Google Reader just showed me Mithaldu’s blog post about the falling level of Google searches for the term “perl tutorial“. The fall is, of course, more than a little worrying and we should do what we can to get more people searching for Perl. But I wondered what results Google is currently returning for this search. It’s not a pretty sight.
- The first two results are for Nik Silver’s Perl tutorial from about twenty years ago. I know Nik and I know that he would be horrified to think that people were trying to learn Perl from this site. Nik has been responsible and left a clear notice at the top of the page stating how out of date it is and I understand him wanting to leave the page there for historical interest. But I still see questions on places like Stack Overflow from people who are obviously using this tutorial.
- The next link is to a site at perltutorial.org. That sounds encouraging, but it’s a rather pedestrian affair teaching dated and simplistic Perl and written by someone whose first language clearly isn’t English.
- The next result is to tiztag.com. It’s about as good as you’d expect from a site that insists on calling the language “PERL”.
- Next, we finally get to something worth using. It’s a link to the free online version of Simon Cozens’ book Beginning Perl. That’s good – but it’s still a little dated.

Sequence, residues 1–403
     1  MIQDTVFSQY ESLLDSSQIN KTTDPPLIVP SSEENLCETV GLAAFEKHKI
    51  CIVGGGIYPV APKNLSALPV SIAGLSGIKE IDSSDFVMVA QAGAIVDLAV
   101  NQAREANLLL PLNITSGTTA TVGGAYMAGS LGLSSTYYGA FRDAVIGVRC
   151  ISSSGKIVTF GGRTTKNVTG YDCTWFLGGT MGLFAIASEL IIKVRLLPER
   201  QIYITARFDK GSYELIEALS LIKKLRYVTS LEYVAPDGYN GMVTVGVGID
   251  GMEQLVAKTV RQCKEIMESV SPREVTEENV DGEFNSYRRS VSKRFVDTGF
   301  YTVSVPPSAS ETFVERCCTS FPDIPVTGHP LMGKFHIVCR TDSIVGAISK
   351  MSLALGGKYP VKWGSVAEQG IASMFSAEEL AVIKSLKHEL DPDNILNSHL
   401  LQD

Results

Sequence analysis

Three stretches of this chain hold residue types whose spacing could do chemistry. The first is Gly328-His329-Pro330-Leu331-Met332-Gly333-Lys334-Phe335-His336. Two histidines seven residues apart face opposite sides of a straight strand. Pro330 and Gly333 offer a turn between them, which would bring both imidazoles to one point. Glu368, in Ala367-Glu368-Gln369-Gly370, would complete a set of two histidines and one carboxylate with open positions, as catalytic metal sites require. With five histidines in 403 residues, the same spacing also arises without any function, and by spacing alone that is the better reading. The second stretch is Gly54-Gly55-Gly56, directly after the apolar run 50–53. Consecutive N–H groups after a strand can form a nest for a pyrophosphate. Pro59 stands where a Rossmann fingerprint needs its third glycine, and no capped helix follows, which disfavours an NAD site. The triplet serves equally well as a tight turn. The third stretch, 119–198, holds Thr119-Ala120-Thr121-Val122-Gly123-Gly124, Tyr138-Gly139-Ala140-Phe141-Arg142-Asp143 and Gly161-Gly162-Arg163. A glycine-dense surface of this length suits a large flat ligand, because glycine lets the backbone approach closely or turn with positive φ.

- Next we get to Robert’s Perl Tutorial. Which proudly boasts it was last updated on 20th April 1999. That’ll be up to date then.
- The next result is BradleyKuhn’s book Picking Up Perl. This was an attempt to produce an open source Perl tutorial book. It was a worthwhile project, but it was last updated in 2002.
- The next result is one that finally links to perl.com. It’s an article by Doug Sheppard called Beginner’s Introduction to Perl. I bet it was great when it was first published in October 2000.
- Towards the bottom of the list there are two links to Gabor’s recent (current?) Perl tutorial series. These are probably the only links on the list that we should be sharing with people wanting to learn Perl.
- Finally, there’s the NCSA Perl Tutorial. At least this page has realised that it is out of date and has closed down. Unfortunately the alternative sites that it suggests are of variable quality.
So there it is. The first page of results is of rather variable quality. There’s some great stuff there, some good but dated stuff and some dreadful stuff. But I’m sure there are better Perl tutorials out there. It would be great if the first link returned by Google was to learn.perl.org. But what other sites should be on the list? What good Perl tutorial resources do you know of?
Have I just given all those dreadful sites a healthy boost of Googlejuice by linking to them?
A few weeks ago I talked about a few domains that I was going to let lapse unless anyone wanted to do anything with them.
No-one showed any interest so the domains will go away over the next few months.
But in order to hang on to the content, I spend a couple of hours last night moving some stuff around.
The stuff from perlvogue.com is now at perlhacks.com/perlvogue and the old proudtouseperl.com content is now at proud.perlhacks.com. I’m still holding out hope that I’ll find some people to resurrect Proud to Use Perl at some point in the future.